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Morphine Detox with Rapid Detox in Michigan

Many people don't know that in America the first opiate addiction crisis was because of morphine. Even if it resulted in many deaths, this opiate is still prescribed today and again we have a lot of addicts on it. It was first discovered in Germany in 1805 by Friedrich Serturner. One of the main uses was for military purposes in the Civil War. It works as antidepressant and painkiller.The largest crisis was in 1895 when 1 in 200 Americans was affected.
Even when it is half as strong as heroin, too many people are addicted to it. You should always report when you see someone misuse it. It is always great to help someone with a problem, so contacting a professional from a clinic for a rapid detox in Michigan or any center near you is for a good cause. Because it is legally prescribed as a painkiller, it is easy to take advantage, and if not use it, then sell it on the street.

Morphine Withdrawal Symptoms

You can compare the withdrawal symptoms of morphine as something you can experience from strong flue or cold. It always depends on the individual and how addicted they are, and how strong their metabolism is. Some people can take a lot of the substance and be in better shape than someone with a lower dosage. If someone is a long-time user, you can expect symptoms to appear continuously and with a higher intensity.

It is a rate thing that withdrawal is life-threatening, but it can happen that someone becomes suicidal. It mostly, happens that they become dehydrated from vomiting and diarrhea. For those who take a high dosage, there is a high chance of experiencing a heart attack or a seizure. Most common symptoms are mood swings, rising blood pressure, muscle spasms, fever, vomiting, diarrhea, nausea, and stomach cramps.

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Morphine Withdrawal Timeline

The first part of withdrawal begins after six hours of the last dosage and it typically lasts about a week. There are a lot of physical symptoms like minor aches and pains, teary eyes, a runny nose, and longings for a dosage of morphine. The cravings and physical pain become intense after the first 24 hours.

The first serious thing that happens continuously is vomiting and diarrhea and you can see blood pressure rising. For the client experiencing this, it looks like it lasts forever, but in reality it lasts about two or three days. The best day for the patient is around day four or five when the worse period ends. At the end of the week, every bad symptom will disappear, but it can happen that craving returns periodically for a few weeks.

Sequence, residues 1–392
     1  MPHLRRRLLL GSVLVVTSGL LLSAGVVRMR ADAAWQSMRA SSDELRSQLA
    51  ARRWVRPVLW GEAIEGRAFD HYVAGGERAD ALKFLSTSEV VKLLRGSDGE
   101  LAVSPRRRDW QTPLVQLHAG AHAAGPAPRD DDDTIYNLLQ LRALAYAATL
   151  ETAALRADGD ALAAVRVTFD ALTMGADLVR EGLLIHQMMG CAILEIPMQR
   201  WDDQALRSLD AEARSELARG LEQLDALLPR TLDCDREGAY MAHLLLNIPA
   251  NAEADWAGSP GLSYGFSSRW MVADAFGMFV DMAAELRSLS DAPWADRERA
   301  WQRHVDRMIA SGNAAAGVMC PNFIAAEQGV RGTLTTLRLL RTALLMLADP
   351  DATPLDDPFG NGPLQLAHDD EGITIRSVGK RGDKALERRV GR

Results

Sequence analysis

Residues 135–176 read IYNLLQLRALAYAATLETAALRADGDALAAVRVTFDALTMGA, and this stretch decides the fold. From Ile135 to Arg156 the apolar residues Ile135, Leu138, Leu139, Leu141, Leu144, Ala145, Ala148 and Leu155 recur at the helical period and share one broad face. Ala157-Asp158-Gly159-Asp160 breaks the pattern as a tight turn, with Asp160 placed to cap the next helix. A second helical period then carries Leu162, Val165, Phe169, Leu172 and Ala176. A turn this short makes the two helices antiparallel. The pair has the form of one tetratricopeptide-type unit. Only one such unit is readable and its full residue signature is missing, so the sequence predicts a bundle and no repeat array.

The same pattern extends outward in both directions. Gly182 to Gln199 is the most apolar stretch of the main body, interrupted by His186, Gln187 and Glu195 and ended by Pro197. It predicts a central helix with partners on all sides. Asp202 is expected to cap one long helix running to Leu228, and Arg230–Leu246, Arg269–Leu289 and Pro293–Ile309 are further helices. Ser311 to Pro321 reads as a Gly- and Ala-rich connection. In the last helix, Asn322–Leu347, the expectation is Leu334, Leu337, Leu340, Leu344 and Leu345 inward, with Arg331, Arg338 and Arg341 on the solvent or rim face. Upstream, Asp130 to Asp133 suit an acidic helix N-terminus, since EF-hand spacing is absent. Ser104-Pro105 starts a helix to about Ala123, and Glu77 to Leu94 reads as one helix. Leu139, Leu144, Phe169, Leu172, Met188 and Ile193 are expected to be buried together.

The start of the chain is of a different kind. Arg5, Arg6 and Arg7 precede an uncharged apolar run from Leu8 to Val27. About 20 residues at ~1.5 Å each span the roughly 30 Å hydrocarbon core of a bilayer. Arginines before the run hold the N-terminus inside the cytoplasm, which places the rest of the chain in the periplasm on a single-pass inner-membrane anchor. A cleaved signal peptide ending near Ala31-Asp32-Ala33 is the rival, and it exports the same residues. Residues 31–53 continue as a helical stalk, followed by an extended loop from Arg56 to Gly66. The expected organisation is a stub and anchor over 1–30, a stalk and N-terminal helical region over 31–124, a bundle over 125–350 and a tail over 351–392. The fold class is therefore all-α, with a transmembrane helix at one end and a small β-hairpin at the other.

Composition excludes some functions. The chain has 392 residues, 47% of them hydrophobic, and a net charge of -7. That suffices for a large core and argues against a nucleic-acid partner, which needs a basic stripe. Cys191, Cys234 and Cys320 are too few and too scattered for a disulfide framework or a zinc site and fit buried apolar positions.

Everything mentioned depends on the person and how far they've gone. The duration depends on a few factors including how emotionally and mentally a patient is healthy, the physical condition of the patient, and how frequently and how long the morphine has been taken. If the user used other drugs combines with morphine it can prolong the process.

Outpatient Treatment

There are great methods like inpatient treatment, but that isn't for everyone. There are advantages when someone is sent home even if they can get back to old, bad environment. But, when someone is among familiar people and is comfortable in familiar surroundings, it may be healthier for the person so they can recover faster.

Many users are enjoying outside responsibilities and they work as a great distraction from relapse temptations and stress. In the first few months, it would be a better idea to have professional therapy after physical detox. The solution is visiting aftercare facilities for a couple of times a week. The time they spend on aftercare depends on the patient, so there are intensive outpatient, partial hospitalization, and transition.Click here to read more.

Intensive outpatient is when the client is on site three days a week, three hours a day. Partial hospitalization is when the client is five days a week on site, six hours a day. The transition is when the treatment center is still operating for the first month after detoxification. The users that have less supervision are more vulnerable to relapse. It is crucial to have a detailed plan about relapse-prevention.

Tapered versus Cold Turkey

There are many doctors which don't have the right answer when it comes to the safest form of detox. Some clinics prefer the cold turkey approach which means you have to cut off all drugs and make the client feel comfortable as possible. This approach is good because there is a risk of certain opiates damaging the user.

Other clinics use medication-assisted treatment or tapered. This method uses opiates that are replacing a certain drug. One of the popular medications is Suboxone that satisfies cravings without the risk of using actual morphine. With this method, withdrawal is less agonizing. The disadvantage is that the user can become dependent on it. You will also need a plan to taper off the drug that is used as a replacement by reducing the dosage.

Recovery Success

The bad thing is that not every detox will work on the patient, and some people get post-acute withdrawal syndrome which impacts their life a lot. This syndrome causes morphine cravings, insomnia, and depression for months. What you do after detox is very important so relapse won't happen. This means that the client should have therapy and family support. The support group is also a great solution where they can share experiences.
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